Nasa's new solar spacecraft is so indestructable that parts of it will be circling the Sun until the Solar System ends, eight billion years from now, scientists have said.
The US space agency launches its Parker Solar Probe on Saturday, which will travel closer to the Sun than any mission before, to unlock the secrets of fierce radioactive storms which threaten Earth.
Earth, and all the other objects in the Solar System are constantly ploughing through what is known as the solar wind - a constant stream of high-energy particles, mostly protons and electrons, hurled into space by the Sun.
These radioactive storms are so powerful they are able to knock out satellites, disrupt services such as communications and GPS, threaten aircraft and even interfere with electricity supplies.
The mission is to reach Sun’s outer atmosphere, or corona, the closest any man-made instrument has ever got to a star. For seven years it will orbit at around 3.38 million miles from the star's surface, where temperatures reach 1,400C.
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The probe is relying on a 4.5 inch carbon heat shield which has taken 10 years to develop and which is so strong it will survive for billions of years even when the rest of the spacecraft has disintegrated.
Speaking at a briefing ahead of the launch, Andy Driesman, Parker Solar Probe Programme Manager from Johns Hopkins University, said: "At four million miles the Sun is very hot, so we need to bring an umbrella with us.
"It’s a carbon heat shield. It took 18 months to fabricate it and a decade to develop it.
"Eventually the spacecraft will run out of propellant and will leave altitude control and parts of it will transition into the Sun. But hopefully in 10 to 20 years there is going to be this carbon disc and that will be around to the end of the Solar System."
The spacecraft also holds a memory card containing the names of more than 1.1 million members of the public who were asked to write in to support the mission.
London-born professor Nicky Fox, project scientist from Johns Hopkins University, said: "I think the spacecraft will break up into parts and form dust, and then those names will orbit the Sun forever."
The nearest a spacecraft has previously come to the Sun was the Helios 2 mission in 1976, which flew to within 27 million miles.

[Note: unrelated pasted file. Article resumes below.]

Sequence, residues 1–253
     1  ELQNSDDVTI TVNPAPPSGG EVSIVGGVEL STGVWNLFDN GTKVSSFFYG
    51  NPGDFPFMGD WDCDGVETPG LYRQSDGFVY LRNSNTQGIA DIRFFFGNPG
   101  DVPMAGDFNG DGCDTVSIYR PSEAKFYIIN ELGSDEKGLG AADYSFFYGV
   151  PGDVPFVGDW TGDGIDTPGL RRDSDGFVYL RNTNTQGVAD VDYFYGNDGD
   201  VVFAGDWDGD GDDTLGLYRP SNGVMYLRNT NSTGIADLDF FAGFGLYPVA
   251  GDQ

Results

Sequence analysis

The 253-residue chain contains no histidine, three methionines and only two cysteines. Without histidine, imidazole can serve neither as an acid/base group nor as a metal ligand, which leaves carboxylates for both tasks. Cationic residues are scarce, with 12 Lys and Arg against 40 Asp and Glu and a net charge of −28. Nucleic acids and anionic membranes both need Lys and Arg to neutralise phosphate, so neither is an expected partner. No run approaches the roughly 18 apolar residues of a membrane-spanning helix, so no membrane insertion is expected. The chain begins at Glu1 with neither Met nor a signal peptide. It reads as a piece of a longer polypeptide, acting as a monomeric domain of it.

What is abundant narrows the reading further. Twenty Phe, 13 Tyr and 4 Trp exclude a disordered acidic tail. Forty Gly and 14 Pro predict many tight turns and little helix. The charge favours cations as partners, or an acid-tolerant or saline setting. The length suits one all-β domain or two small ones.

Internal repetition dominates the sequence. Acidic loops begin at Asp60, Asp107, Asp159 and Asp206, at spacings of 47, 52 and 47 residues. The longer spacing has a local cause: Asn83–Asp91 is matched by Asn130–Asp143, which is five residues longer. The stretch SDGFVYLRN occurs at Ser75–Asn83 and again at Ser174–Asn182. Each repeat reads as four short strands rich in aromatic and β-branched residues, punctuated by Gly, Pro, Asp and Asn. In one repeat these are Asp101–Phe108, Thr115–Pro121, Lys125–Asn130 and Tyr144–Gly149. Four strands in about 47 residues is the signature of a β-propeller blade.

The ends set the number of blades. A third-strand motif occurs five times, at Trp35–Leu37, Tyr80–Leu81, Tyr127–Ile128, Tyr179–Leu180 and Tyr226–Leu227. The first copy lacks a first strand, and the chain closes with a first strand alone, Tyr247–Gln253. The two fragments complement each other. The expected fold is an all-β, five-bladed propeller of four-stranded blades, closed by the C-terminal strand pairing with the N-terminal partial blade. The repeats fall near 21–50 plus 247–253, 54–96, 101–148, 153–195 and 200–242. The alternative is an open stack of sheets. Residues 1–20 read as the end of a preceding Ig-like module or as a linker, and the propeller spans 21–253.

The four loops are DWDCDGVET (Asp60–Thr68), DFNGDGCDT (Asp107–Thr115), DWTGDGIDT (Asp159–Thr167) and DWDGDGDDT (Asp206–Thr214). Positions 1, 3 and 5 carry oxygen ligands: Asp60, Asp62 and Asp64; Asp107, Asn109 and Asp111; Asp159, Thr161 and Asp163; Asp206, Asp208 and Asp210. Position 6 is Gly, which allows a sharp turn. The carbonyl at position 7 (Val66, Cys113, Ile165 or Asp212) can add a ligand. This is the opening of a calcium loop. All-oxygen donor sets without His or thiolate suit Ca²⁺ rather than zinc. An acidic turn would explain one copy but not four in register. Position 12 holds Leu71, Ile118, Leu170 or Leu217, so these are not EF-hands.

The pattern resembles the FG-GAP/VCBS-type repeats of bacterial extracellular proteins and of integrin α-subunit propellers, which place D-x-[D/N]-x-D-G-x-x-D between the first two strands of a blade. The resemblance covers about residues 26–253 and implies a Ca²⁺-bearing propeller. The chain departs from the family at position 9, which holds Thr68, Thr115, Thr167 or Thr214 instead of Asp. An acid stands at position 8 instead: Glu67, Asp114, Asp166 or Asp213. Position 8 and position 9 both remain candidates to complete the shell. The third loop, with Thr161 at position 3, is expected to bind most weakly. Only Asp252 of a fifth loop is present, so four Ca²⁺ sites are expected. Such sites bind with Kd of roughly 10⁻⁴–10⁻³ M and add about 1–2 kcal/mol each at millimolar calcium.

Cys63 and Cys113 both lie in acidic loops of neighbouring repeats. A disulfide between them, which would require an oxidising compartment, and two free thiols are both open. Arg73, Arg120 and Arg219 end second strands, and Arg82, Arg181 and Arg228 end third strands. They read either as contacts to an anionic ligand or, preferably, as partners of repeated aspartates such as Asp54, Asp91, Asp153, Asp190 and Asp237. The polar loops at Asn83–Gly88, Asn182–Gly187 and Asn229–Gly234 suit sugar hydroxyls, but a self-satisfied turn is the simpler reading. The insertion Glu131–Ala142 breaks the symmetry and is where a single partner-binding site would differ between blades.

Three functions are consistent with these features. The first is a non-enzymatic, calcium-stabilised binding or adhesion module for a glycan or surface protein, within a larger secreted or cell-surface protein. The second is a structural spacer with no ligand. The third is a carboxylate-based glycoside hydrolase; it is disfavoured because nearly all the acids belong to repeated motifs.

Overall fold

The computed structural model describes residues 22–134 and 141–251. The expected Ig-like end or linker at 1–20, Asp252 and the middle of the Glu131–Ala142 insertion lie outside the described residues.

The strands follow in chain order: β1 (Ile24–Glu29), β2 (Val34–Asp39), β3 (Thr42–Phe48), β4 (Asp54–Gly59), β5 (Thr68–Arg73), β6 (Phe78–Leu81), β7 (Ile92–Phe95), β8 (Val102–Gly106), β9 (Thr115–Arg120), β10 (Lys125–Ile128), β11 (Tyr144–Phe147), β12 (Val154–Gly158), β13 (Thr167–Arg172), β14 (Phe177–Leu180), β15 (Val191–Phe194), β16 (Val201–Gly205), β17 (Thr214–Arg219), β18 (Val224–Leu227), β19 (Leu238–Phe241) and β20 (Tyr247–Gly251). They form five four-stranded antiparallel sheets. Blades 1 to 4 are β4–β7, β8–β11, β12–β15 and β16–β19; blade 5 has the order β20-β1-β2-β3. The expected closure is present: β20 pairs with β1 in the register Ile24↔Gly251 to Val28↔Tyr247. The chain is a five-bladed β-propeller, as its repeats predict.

Once inside the corona, sensory equipment will attempt to ‘taste’ and ‘smell’ electronic particles while they are still moving slowly enough to be measured.
Professor Mathew Owens, space scientist at the University of Reading, said: “It's an incredibly hostile environment in which to do science, so the spacecraft has faced enormous engineering challenges. But everything is looking positive for Saturday.
“The thing we really don't understand about the Sun, and therefore stars in general, is why its atmosphere gets hotter further away from the heat source.
“We've been trying to solve this mystery for more than 50 years, by taking measurements from a nice, safe distance, and it's left us in an unusual position. We've got a bunch of theories that seem to work, but don't know which ones actually explain the Sun.”
Currently, solar activity is monitored by a network of satellites, but scientists still have a poor understanding of how radiation builds up in the star’s outer atmosphere and then accelerates towards Earth.
A better understanding of “space weather” is also considered crucial for protecting astronauts and their equipment for any future endeavours to colonise the Moon or Mars.
The Parker Solar Probe, which weights 1,400lbs, will travel faster than any craft ever before at 430,000 mph, and during its seven-year mission will make 24 orbits of the Sun.
The spacecraft will carry instruments to measure bulk plasma, described as the 'bread and butter' of solar waves, as well as a full package of magnetic measuring equipment.
It will also carry a white light imager, dubbed 'Whisper', which can photograph solar waves.
“Where does the solar wind come from? What causes flares and coronal mass ejections? We still don’t understand these processes,” said Justin Kasper, professor of climate and space sciences and engineering at the University of Michigan, mission principal investigator on the Parker Solar Probe.
“The Parker Solar Probe will help us do a much better job of predicting when a disturbance in the solar wind could hit Earth.”
The mission was named after Eugene Parker, the solar astrophysicist who first discovered the solar wind, and has been in the works for more than half a century. The memory card on board also contains a copy of his first scientific paper outlining his work.
It was conceived before a space programme, or even Nasa, existed.